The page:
In addition to the workman’s compensation insurance policy required by law, the Association has a blanket policy covering all its employees in the field and all visitors to its Service Centers, necessary to protect the Association against any suit which might arise out of accidents. All the automobiles used by the Association are insured against fire, theft, personal liability and the necessary property damage. No fire insurance on the contents of Centers is carried, it being less expensive for the Association to insure itself than to pay the necessary premiums. The executive secretary is bonded in larger amounts than he will handle at any one time.

In furtherance of publicity a new brochure has been issued under the title Your Son Is My Brother. The Supplement to The Short Talk Bulletin, giving the news of the Centers, is now illustrated and during 1944 will be published as four pages instead of two.

Statistics of attendance at Service Centers necessarily are understatement. Field Agents use a hand-counter to check those in attendance, but it is not possible to get all servicemen and Masons to register. No point is ever made of registration. The registration book is there; Masons and their sons and relatives are asked to sign their names and addresses, but many of the men who come in are impatient of such formalities and push the request aside. The statistics, therefore, are decidedly an understatement of the facts, smaller than the actuality though they are, they nevertheless seem impressive.

  1. Attendance, all Centers — 1,855,645
  2. Masons registering, all Centers — 227,786
  3. (Percentage of guests registering as Masons — 12.275%)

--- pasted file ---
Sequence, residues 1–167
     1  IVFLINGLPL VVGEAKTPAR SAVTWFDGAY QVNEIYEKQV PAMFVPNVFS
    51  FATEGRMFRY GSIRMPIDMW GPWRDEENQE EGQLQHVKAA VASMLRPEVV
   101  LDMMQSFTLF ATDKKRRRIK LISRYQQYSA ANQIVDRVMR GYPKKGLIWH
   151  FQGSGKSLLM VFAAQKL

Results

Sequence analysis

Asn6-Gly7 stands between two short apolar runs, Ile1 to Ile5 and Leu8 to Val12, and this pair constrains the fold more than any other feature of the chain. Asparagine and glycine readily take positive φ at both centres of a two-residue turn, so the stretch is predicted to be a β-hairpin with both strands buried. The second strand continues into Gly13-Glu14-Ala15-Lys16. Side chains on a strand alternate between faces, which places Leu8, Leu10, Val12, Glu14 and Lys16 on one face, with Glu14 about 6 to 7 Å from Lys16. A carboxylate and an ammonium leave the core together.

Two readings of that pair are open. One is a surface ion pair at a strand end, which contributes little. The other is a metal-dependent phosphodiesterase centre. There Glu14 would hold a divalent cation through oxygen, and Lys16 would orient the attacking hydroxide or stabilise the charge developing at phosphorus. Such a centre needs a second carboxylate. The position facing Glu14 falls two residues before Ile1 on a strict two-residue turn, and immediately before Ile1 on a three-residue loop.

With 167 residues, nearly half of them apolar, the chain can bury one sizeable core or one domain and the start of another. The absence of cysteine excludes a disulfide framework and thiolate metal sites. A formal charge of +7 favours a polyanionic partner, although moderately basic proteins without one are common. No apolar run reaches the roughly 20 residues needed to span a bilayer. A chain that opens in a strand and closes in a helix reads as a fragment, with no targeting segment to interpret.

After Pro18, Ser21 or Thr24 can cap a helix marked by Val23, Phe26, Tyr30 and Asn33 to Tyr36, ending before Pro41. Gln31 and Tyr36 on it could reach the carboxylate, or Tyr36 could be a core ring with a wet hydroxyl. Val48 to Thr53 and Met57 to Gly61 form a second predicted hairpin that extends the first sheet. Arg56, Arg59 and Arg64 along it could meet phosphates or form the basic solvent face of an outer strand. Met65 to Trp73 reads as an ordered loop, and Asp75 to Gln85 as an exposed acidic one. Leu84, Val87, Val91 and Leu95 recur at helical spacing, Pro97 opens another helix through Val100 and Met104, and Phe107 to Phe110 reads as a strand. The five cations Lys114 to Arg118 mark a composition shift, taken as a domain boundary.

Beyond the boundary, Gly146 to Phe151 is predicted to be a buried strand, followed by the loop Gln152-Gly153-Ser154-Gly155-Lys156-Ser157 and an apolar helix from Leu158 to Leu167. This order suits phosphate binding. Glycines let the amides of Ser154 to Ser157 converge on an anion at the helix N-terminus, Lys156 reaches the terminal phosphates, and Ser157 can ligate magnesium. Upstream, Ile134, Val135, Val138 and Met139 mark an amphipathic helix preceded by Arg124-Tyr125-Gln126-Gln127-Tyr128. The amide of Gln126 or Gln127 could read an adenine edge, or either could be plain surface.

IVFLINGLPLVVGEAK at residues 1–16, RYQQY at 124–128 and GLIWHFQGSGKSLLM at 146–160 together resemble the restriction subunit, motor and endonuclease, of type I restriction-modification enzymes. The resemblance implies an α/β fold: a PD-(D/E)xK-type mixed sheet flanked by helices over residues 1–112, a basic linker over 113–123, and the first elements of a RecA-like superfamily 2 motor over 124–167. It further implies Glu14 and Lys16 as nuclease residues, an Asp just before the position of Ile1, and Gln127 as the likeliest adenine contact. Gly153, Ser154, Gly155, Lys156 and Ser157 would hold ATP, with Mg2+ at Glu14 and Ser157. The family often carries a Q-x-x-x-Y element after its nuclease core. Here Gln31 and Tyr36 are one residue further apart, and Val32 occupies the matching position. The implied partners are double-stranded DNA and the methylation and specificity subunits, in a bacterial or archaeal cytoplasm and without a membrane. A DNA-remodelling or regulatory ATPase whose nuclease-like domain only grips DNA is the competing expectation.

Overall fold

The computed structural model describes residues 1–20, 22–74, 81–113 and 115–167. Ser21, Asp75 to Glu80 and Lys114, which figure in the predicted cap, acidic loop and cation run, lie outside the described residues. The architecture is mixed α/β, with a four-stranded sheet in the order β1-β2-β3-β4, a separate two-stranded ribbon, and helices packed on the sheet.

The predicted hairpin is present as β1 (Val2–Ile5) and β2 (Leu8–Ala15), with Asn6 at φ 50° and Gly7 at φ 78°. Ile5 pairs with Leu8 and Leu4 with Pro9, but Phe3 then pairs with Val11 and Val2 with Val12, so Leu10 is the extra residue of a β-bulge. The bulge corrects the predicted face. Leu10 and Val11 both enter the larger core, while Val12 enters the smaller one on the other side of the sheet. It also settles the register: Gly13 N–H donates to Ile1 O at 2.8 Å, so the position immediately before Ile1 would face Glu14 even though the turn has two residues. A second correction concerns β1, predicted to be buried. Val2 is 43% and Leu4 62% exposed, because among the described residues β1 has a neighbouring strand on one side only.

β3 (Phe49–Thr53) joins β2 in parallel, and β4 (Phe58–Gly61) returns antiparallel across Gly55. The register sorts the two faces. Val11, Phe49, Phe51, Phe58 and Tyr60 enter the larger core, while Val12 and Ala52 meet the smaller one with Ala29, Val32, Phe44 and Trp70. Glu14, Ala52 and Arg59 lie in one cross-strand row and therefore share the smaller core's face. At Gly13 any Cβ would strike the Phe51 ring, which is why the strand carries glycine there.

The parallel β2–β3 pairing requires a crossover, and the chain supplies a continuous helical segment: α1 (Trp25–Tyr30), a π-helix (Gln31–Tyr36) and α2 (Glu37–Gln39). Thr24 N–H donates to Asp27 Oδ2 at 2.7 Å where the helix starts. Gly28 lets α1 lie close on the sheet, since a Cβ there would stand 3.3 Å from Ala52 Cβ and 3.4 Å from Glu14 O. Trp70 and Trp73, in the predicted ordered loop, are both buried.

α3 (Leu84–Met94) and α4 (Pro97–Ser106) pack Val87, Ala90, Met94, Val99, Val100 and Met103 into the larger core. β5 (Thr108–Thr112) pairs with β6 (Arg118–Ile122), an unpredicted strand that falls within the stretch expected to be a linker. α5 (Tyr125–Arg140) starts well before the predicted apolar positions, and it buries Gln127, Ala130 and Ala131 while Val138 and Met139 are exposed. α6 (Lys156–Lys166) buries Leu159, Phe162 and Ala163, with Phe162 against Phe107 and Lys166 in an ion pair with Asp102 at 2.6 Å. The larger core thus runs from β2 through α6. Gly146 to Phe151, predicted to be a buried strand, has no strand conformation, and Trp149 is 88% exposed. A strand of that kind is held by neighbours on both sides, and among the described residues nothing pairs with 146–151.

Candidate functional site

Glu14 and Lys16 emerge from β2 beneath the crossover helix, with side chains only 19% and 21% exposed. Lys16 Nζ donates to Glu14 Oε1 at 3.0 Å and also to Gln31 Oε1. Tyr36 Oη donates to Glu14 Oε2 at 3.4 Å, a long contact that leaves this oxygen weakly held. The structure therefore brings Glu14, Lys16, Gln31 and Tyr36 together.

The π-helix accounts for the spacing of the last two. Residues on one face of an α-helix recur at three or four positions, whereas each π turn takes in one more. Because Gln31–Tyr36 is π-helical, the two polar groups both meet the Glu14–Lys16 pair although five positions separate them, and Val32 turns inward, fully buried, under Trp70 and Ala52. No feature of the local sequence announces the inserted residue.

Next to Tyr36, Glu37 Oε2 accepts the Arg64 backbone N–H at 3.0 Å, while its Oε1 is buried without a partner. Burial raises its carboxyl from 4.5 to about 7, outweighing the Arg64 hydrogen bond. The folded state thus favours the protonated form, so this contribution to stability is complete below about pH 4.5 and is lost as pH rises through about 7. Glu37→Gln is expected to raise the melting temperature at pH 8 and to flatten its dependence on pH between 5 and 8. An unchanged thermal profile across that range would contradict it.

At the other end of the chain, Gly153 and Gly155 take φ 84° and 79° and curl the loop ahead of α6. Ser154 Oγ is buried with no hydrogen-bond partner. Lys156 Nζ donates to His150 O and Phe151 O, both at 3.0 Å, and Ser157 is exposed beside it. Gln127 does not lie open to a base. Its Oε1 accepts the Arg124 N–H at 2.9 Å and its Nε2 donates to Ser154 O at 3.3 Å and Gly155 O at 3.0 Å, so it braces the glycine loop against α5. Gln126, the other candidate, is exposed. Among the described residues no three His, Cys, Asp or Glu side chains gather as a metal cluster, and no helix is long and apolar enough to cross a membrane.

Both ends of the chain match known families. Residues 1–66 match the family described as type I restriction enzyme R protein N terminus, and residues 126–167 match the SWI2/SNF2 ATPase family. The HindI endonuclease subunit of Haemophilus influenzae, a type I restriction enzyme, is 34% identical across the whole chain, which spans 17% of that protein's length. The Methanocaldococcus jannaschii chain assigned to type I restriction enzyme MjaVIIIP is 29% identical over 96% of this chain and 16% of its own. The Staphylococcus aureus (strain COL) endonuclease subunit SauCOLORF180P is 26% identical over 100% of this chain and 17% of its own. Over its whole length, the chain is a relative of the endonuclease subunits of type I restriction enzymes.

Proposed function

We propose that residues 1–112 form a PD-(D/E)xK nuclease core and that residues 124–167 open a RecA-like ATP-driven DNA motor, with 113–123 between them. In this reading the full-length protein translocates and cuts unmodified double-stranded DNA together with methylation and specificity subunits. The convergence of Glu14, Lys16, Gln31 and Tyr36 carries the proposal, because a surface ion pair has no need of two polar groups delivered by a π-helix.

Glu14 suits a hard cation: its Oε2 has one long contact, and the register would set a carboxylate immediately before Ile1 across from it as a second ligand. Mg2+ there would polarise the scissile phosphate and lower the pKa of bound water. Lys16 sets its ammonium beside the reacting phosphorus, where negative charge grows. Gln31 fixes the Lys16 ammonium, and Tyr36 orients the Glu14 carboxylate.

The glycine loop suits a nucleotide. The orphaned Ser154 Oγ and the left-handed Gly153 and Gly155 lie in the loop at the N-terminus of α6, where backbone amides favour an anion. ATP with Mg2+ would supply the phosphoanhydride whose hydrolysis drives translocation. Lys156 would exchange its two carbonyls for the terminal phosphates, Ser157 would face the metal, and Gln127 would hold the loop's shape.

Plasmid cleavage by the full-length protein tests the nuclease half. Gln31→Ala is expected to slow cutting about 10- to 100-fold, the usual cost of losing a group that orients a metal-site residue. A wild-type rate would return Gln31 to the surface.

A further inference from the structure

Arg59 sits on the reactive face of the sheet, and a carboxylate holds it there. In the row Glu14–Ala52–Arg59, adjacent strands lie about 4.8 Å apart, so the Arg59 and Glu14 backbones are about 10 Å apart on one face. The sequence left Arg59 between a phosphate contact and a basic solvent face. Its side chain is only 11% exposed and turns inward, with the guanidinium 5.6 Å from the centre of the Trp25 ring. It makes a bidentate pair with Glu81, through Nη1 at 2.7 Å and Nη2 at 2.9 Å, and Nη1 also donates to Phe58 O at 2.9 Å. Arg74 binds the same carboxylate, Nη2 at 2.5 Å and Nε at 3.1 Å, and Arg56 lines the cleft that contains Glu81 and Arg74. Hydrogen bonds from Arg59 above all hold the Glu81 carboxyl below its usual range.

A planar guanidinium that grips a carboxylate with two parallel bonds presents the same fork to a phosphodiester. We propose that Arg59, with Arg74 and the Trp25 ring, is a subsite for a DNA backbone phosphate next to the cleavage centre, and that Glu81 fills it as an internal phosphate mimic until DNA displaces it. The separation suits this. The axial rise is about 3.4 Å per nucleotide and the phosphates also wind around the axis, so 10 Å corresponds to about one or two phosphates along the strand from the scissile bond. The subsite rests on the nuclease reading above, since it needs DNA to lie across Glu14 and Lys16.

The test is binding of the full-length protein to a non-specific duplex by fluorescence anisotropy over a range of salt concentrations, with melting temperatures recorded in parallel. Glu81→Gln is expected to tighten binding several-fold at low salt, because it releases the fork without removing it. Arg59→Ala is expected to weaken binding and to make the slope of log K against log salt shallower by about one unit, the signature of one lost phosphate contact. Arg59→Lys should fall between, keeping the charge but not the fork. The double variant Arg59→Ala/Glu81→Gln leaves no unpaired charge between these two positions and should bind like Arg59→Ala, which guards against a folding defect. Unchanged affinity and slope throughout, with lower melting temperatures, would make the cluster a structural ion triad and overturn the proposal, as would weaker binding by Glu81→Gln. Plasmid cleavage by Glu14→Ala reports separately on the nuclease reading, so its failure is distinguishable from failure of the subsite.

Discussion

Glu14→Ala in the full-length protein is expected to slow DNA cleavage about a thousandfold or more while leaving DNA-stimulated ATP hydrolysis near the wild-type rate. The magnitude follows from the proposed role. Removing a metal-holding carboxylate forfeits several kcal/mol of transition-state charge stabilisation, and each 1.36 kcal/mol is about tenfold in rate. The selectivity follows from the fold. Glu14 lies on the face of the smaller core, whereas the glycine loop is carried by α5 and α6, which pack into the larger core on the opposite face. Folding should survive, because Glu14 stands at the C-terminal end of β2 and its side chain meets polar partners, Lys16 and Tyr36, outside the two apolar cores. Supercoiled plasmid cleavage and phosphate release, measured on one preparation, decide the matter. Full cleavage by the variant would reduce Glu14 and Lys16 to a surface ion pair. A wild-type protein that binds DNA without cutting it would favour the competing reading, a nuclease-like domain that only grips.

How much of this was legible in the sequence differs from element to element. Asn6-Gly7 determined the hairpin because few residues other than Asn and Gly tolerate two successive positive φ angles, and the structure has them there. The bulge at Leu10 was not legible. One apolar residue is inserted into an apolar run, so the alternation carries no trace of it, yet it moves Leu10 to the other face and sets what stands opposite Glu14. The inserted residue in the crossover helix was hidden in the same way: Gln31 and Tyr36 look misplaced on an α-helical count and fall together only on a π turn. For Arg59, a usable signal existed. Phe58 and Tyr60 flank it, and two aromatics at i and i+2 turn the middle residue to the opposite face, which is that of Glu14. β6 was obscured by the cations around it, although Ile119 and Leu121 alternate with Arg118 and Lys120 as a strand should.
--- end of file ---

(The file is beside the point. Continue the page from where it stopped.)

4. Contacts made in Posts — 14,214
  5. Contacts made outside Posts — 27,478
  6. Hospital calls — 1,720
  7. Patients visited — 6,206
  8. Home Services — 750
  9. Requests for Assistance — 2,722
  10. Families assisted — 9,141

No serviceman or woman brings a personal problem to a Field Agent or Hostess, but gets a sympathetic consideration and any help which is possible. Thousands of grateful letters from servicemen and women, their mothers and fathers, expressing appreciation of what this service has meant to those away from home and in strange and unusual surroundings are sufficient testimony of the value of this service being rendered by Masonry, not only to its own brethren and their relatives, but to its fellow men.

The results of Masonic Service are beneficial to Masonry. The work is not done because of these benefits, but the facts remain: many brethren have been reinstated because of the inspiration they received from visiting Masonic Service Centers. Many young men who never before were interested in Masonry have asked for information as to when, where and how they may become Master Masons. There is no way to estimate the effect upon brethren who thus see Masonry actively doing what has been for so many years taught as a theory.